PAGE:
(Following is the continuation of an acceptance speech delivered by the author when he received the “MAP Management Man of the Year 2012” award from the Management Association of the Philippines.)
Going down market or “masa market” is key to sustainable growth.
Income inequality and youth unemployment today are the world’s biggest problems.
Previously considered an “elitist” bank, BPI has slowly but surely gone increasingly down market. We started with consumer banking in the ’80s, overseas Filipino banking in the ’90s, SME banking in the 2000s, and inclusive banking in this decade.
Visionary Filipinos such as Tony Tan Caktiong with Jollibee and Lance Gokongwei with Cebu Pacific have created successful new business models catering to a lower but much wider market.
The Philippines has constantly been referred to as a “boom or bust economy” as well as a “jeepney economy.” Only when we can consistently and cost effectively provide products for the 87 percent who comprise the D and E sectors of the economy will we able to sustainably grow and earn our investment grade status in an inclusive manner.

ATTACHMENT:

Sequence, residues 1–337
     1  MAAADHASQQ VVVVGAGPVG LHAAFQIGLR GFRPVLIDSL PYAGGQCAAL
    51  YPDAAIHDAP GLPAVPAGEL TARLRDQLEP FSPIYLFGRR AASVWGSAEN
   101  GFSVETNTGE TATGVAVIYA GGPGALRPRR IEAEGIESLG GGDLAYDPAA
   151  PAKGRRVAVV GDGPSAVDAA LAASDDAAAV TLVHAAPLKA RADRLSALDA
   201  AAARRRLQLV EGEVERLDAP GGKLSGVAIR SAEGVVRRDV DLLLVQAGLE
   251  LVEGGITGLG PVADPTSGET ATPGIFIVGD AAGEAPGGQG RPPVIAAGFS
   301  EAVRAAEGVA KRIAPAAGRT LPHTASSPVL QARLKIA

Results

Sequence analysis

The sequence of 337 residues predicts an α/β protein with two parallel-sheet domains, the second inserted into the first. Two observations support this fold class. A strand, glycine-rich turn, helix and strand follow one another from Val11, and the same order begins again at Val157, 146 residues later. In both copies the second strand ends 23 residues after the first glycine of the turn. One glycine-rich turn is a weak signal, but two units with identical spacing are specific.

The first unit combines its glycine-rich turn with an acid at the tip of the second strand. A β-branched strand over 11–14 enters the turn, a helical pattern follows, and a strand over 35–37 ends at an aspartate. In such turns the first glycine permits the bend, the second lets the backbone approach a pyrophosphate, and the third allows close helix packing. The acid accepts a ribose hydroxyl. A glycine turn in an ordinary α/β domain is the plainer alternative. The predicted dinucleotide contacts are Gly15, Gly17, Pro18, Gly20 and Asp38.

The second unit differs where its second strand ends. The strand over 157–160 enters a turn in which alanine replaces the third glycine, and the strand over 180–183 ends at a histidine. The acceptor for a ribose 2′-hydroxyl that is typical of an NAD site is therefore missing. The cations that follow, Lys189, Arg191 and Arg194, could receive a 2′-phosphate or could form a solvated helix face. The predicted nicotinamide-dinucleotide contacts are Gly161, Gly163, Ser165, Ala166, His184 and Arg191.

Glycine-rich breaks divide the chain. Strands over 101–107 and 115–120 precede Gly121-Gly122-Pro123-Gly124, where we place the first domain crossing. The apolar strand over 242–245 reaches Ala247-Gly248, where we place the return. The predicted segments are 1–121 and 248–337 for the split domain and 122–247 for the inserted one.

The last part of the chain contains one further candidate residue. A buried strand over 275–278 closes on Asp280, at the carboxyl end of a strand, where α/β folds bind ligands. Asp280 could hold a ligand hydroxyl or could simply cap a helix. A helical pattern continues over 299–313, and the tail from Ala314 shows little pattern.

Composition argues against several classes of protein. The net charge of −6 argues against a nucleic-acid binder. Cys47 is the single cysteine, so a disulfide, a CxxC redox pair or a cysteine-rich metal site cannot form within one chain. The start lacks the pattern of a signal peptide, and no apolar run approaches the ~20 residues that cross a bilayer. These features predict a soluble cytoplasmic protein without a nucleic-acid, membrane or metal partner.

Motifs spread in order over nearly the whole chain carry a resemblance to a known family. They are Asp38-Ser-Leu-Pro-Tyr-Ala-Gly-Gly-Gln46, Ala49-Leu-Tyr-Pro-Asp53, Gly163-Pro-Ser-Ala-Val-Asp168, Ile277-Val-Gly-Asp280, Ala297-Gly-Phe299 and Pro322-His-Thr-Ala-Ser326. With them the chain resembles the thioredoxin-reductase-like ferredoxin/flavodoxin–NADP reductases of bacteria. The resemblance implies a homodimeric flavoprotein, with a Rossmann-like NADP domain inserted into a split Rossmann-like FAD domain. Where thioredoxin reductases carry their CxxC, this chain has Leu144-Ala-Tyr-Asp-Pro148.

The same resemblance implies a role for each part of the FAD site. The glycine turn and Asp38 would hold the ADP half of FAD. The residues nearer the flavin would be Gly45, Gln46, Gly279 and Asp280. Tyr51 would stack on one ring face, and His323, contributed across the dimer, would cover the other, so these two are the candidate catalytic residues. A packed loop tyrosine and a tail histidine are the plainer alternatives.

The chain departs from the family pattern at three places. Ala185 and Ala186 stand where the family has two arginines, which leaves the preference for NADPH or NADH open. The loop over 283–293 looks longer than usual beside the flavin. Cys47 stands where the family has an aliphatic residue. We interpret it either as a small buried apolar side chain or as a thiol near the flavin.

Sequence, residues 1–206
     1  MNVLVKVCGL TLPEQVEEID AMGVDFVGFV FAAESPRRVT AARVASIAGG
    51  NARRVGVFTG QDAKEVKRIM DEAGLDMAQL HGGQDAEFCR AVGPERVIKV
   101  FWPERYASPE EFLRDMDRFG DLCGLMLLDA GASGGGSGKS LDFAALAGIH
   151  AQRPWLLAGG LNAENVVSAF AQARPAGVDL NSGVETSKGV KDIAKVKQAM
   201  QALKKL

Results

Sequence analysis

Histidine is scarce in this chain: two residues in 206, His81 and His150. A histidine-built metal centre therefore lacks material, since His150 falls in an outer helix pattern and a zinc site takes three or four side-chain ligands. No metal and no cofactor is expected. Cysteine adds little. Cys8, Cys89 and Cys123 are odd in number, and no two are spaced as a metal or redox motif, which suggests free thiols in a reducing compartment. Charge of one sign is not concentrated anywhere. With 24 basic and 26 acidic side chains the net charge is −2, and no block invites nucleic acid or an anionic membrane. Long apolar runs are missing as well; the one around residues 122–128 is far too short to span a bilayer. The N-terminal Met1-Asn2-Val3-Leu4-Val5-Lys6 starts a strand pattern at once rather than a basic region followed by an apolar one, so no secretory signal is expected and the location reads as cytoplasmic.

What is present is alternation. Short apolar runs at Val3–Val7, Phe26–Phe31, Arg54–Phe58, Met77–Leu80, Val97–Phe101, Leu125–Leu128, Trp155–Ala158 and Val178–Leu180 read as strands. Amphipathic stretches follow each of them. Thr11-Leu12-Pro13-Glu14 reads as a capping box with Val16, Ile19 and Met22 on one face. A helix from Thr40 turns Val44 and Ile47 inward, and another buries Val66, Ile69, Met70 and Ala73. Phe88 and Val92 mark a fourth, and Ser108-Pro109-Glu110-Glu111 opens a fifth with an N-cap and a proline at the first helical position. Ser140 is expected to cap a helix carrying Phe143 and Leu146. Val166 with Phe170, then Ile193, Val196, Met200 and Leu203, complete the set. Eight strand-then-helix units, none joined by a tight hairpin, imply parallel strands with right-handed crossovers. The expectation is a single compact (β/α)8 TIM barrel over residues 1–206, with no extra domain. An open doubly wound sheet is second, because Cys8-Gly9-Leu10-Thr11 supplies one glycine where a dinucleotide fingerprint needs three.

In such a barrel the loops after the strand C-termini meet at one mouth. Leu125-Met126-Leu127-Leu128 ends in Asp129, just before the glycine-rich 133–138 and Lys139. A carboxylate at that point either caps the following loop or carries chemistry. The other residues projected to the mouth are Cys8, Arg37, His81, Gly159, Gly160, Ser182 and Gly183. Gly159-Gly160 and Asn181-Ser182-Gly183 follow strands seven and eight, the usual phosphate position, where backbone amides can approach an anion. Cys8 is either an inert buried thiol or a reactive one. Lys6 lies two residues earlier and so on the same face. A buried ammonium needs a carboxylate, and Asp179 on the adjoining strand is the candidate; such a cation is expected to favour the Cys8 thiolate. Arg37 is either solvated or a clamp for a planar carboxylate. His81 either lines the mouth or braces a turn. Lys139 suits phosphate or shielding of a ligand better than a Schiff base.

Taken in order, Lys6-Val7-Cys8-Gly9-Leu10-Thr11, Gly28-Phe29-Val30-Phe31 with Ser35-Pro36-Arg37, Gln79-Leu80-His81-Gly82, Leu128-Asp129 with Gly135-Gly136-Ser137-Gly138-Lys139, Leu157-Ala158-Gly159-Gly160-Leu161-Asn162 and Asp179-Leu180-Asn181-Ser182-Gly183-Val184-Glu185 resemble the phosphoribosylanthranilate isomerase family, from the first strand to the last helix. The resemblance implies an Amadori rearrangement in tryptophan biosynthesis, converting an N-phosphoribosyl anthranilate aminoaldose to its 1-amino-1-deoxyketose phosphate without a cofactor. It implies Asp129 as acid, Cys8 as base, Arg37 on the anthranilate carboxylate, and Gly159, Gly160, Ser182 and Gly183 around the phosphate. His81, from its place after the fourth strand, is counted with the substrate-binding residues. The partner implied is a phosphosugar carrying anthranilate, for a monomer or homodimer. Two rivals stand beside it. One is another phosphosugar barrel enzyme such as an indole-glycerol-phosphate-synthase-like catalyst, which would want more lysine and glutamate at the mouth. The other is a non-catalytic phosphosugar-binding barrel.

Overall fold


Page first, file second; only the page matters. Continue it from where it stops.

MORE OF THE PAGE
Common goals can healthily coexist with competitive goals.
Both at the Chamber of Thrift Banks and at the Bankers Association of the Philippines, I always made it a point to work together with big and small banks, foreign and local banks, and regulators. My theory was always that the general public should feel that banks were safe, sound, and helpful, and that the more banks that were consistent with executing this perception, the better for the whole industry. However, individuals and corporations should also have the freedom to choose which bank to deal with.